This podcast is licensed under the same Creative Commons license you find attached to softwareas.com. Basically, this means you can do whatever you like with it as long as you say how awesome I am. (I think that’s the gist of it, but the full details are here). The lead-in track is a sample of My Morning Jacket’s “One Big Holiday”, who were among the enlightened artists who contributed to the Wired CD. Thanks to the band, Creative Commons, and Wired for making it possible.

They dreamed of a brave new world of sharing and liberty. I superimposed a quality track onto a stream of geeky rambling.

FP – First Podcast! *Finally*

YES! I’ve learned enough about audio engineering to realise I know nothing! I’ve set up a blog so I can host podcasts! I’ve added the necessary enclosure hacks to WordPress (thanks chaps) so I can publish them! And I’ve honed an authentic Aussie accent to stand out from the crowd! So, much too long after it coulda shoulda woulda been, my first podcast is here!

I’m sorry … Did I hear you ask “What’s a Podcast?” Well, even if you didn’t, I’ll be pleased to give my podcast site a cheap plug. It’s a podcast FAQ at podca.st. Short non-technical summary: A podcast is audio content published on the net, typically spoken word but also music. You can just click on the MP3 link in the blog entry and listen to it. But it gets a lot better if you download a client application like ipodder, which will let you subscribe to podcast programs and push them straight into ITunes as they come out. New food for your IPod (or any other MP3 player) all the time – hundreds of programs every day, if you want it.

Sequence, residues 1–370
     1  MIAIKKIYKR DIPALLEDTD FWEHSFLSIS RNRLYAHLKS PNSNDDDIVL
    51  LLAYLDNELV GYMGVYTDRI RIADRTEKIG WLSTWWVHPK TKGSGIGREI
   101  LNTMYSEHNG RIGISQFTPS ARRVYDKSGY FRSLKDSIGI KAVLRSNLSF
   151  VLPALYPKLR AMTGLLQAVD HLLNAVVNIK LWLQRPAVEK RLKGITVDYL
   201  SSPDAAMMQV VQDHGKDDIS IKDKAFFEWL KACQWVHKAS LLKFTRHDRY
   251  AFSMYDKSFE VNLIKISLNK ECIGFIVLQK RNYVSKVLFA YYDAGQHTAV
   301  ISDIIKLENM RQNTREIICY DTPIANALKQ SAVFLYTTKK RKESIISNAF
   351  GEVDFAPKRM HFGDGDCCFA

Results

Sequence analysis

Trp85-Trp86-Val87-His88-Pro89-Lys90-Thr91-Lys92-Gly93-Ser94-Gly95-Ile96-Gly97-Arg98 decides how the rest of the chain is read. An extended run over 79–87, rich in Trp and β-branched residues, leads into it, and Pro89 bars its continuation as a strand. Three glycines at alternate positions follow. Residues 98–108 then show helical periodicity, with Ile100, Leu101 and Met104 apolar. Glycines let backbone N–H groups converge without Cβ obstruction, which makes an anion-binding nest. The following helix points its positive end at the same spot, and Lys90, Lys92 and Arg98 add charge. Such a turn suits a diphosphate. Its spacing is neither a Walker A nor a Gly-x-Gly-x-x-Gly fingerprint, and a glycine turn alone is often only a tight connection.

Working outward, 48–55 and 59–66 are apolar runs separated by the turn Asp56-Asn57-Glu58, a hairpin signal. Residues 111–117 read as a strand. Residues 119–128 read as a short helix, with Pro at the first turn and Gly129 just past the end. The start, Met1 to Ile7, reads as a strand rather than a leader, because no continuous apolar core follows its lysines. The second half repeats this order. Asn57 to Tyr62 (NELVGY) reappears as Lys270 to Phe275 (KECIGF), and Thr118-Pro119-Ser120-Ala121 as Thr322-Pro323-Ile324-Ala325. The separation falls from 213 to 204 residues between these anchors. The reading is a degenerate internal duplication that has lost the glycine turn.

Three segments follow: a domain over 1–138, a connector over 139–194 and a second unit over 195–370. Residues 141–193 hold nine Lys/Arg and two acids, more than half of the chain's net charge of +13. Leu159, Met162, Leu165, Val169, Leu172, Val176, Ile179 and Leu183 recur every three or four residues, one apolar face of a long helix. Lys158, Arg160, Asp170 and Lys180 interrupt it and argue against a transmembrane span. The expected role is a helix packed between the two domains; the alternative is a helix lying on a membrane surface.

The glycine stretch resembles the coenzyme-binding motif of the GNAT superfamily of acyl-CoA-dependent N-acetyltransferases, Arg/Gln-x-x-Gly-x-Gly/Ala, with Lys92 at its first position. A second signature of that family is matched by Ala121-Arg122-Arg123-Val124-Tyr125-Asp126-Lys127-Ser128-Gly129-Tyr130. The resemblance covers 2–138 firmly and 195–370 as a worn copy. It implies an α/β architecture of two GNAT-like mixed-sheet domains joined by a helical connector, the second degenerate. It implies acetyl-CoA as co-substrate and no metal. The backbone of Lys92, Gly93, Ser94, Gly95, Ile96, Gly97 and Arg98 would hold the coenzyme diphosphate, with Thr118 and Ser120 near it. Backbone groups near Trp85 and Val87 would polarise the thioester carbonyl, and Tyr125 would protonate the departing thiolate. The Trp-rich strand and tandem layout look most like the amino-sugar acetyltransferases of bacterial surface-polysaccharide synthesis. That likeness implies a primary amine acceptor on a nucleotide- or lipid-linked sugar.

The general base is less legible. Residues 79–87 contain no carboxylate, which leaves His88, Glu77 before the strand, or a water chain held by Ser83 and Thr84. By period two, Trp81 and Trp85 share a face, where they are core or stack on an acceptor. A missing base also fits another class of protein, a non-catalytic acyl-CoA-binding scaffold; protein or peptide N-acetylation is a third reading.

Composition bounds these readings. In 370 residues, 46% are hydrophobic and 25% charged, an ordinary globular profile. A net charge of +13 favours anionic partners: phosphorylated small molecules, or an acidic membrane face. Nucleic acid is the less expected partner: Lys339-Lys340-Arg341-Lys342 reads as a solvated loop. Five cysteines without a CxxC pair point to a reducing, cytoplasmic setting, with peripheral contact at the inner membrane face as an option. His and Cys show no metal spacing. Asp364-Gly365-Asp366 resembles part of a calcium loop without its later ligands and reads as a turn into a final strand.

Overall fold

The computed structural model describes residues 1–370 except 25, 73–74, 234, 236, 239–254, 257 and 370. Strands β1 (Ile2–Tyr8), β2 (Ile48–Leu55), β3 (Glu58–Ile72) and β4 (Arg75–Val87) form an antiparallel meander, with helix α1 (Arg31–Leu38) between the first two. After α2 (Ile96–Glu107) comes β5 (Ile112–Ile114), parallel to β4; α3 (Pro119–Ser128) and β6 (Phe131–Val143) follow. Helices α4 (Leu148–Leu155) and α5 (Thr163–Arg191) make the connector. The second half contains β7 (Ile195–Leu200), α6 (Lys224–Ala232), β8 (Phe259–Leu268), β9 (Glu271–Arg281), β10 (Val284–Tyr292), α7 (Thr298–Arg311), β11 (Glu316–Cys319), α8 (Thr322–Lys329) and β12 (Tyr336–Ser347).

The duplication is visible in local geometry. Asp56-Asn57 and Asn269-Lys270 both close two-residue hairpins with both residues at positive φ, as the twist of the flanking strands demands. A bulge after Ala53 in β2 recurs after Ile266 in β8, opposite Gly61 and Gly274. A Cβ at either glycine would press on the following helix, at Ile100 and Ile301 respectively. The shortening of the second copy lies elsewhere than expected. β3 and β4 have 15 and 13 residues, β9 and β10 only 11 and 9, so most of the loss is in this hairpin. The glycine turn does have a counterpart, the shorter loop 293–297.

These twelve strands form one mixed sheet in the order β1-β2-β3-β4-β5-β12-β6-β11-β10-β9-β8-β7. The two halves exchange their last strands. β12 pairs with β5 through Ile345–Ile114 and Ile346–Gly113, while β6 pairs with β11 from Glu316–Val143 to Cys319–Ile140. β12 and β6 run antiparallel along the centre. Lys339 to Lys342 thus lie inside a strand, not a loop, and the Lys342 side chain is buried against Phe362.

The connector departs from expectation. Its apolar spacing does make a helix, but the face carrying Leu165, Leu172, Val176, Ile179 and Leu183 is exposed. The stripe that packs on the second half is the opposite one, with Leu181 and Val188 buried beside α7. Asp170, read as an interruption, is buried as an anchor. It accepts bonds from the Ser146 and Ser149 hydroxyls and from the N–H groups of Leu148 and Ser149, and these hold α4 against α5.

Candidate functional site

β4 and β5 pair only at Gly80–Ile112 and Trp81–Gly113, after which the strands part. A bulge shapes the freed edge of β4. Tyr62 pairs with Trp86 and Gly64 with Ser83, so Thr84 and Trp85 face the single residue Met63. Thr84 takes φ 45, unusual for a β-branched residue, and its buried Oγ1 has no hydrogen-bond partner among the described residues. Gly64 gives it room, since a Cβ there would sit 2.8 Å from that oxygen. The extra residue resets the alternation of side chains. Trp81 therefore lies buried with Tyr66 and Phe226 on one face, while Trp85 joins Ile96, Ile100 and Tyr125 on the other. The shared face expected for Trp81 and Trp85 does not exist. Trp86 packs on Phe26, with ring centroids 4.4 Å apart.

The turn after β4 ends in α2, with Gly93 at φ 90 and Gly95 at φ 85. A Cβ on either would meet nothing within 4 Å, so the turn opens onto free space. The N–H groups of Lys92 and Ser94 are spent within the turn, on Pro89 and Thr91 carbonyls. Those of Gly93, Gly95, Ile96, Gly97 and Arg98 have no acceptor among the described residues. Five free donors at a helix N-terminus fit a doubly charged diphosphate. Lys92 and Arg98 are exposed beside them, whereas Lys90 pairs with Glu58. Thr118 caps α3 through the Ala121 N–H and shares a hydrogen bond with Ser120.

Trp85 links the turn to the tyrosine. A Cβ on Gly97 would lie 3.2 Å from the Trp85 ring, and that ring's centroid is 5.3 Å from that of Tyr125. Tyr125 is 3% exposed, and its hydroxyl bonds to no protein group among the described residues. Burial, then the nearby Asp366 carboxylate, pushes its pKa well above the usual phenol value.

And if you want to make your own podcast, great idea. I made it sound much harder than it needs to be. Check out How to podcast, for instance.

Stayed tuned for the FP …

Mapping websites

How cool is this? A zipcode map (via Joho) that narrows in on candidate locations with each digit you type. Especially neat in “zoom” mode. If only I had a fair dinkum reason to look up U.S. zipcodes.

This is the sort of thing that excites me about technology, because it’s so far removed from anything that’s possible in the physical world. Map sites have improved, but they are still basically the obvious online equivalent of physical maps. This is the “tree in the paddock” scenario … if you cut down a tree in a paddock, cows still continue to bend their path around where it used to be. In the same way, old ideas continue to be applied to new technologies.